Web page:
It’s elementary there must be something wrong
And I’m starting to realize this can’t go on
Doer of Your word
Never ever forget the truth I’ve learned
Doer of Your word
I wanna be a doer of Your word
It’s not the first time its happened won’t be the last
I think I’m finally mature but just a little too fast
I close my Bible convinced I’m really changed
But I’m not any different ’til I obey
I wanna be a doer of Your word
Doer of Your word
Never forget the truth I’ve learned
Doer of Your word
I wanna be a doer of Your word
What does it mean to call You Lord of my life
If I ignore the things You say
Help me remember that my greatest delight
Is following Your commands
And give me strength to stand and be a doer of Your word
Doer of Your word
Never forget the truth I’ve learned
Doer of Your word
I wanna be a doer of Your word
*I can’t name their names here because many of them are still in danger,
but here are some of their stories:
A teenage girl in Iraq was told that if she did not marry a specific terrorist man, she would be killed.  She left her family and now lives under the care of the church for her families safety.  Pray for boldness, strength and encouragement as she continues to stand for her faith.  Also pray for her oppressors.
A young traveling pastor in India and his wife were assaulted by Hindu men while traveling to a church service one morning.  His wife was killed, and he was severely injured (they thought he was dead).  Pray for him as he morns for his wife and as he serves the church.  Also pray for the men involved in the killing.
In Iraq a group of Muslims attacked (shot and bombed) a large church, killing over 15 men, women, and children.  Because of this, one man fled to France to seek asylum and also because of his many wounds.  Pray for his wife and sister who are still in the country and are in danger because of their faith.  Also for him to have wisdom as to what his best course of action is during this uncertain time.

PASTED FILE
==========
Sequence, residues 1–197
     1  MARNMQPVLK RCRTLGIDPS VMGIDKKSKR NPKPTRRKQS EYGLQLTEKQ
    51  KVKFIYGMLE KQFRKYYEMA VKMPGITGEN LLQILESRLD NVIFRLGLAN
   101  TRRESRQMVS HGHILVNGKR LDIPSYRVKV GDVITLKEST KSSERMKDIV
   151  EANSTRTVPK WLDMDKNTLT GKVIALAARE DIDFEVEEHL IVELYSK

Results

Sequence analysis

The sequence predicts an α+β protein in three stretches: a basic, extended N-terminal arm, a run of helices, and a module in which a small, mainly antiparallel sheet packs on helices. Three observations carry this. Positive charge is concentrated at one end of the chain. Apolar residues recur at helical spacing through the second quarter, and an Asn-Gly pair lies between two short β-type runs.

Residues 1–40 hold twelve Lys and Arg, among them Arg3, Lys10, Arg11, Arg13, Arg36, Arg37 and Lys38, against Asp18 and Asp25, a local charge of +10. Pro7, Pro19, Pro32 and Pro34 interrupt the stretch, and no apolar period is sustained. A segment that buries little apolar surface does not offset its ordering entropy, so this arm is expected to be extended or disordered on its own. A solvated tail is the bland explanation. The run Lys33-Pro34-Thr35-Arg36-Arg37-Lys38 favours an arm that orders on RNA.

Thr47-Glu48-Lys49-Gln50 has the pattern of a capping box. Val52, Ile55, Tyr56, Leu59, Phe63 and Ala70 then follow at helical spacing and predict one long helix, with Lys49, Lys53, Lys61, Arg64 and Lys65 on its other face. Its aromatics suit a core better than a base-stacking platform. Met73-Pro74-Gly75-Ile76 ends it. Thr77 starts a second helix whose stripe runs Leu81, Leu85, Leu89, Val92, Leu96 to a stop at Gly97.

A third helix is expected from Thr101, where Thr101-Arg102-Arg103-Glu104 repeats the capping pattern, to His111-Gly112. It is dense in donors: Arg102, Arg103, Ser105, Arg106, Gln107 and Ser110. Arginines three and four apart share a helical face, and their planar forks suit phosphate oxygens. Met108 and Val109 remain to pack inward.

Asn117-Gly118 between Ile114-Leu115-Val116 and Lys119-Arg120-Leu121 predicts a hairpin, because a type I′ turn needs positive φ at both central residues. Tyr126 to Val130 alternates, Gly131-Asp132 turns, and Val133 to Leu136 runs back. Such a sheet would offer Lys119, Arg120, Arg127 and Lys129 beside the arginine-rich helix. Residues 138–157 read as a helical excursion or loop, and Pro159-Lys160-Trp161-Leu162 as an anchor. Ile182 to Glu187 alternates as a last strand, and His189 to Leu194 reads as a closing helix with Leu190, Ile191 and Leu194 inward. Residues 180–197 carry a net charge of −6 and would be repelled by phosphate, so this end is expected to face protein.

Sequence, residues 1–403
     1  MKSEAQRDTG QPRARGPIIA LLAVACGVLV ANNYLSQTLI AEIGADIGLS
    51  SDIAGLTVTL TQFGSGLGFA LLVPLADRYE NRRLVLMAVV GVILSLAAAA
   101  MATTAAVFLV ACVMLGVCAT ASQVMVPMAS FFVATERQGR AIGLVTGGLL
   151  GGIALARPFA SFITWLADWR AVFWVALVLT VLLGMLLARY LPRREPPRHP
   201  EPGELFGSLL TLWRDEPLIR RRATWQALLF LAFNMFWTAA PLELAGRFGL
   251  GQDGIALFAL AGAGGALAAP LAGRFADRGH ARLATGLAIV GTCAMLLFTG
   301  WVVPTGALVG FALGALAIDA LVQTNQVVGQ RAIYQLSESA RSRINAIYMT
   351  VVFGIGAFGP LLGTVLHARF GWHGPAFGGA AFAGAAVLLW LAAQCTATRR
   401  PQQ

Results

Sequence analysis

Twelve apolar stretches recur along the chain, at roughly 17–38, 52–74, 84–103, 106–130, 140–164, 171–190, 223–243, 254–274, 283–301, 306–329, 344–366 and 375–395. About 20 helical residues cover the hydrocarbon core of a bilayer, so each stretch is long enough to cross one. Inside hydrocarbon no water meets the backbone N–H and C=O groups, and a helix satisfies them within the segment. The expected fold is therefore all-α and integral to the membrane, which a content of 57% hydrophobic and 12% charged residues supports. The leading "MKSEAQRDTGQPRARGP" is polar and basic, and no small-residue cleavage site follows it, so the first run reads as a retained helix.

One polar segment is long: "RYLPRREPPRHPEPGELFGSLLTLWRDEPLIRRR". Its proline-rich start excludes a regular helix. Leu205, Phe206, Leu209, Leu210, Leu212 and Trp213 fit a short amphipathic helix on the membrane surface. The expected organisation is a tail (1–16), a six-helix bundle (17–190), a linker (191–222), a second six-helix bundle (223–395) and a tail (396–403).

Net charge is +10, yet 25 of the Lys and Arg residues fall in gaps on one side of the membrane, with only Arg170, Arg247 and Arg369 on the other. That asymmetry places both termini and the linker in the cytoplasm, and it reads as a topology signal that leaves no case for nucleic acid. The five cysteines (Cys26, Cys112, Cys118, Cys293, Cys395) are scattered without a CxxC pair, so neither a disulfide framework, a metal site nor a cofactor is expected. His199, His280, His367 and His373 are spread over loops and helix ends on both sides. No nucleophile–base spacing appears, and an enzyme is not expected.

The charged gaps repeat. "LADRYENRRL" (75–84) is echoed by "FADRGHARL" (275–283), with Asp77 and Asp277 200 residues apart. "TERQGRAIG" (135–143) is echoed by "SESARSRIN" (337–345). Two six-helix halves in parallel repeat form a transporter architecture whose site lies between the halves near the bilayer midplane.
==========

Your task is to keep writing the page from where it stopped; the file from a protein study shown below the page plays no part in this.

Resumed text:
A woman and her two children lost their husband/father when FARC guerrillas killed him for preaching the gospel of Christ to a small community in Columbia.  They continue to serve the community, and the son plans to become a pastor.  Pray for the salvation of the guerrillas who killed the pastor.  Also that the family would have continued boldness and passion for the gospel.
A horrible slaughter of Christians within the village of Orissa, India has left many dead, wounded, and homeless.  Pray for their healing and encouragement after coming out of this nightmare.  Also for new opportunities and protection for these families.

Heinous Homophones A – C

Speaking the English language can be quite tough, especially for newer students, but words known as homophones make it especially tough to listen and understand native speakers.  What is a homophone?

A homophone is a group of two or more words,

Having the same pronunciation,


Having different meanings and spellings.

While studying for this post, I found a list of over 2000 homophones!  In this post, I will only share a few select homophones in the A-C section.

Ad – Add   

Ad (noun) – Short for an advertisement.

Add (verb) – A math term, meaning addiction (+).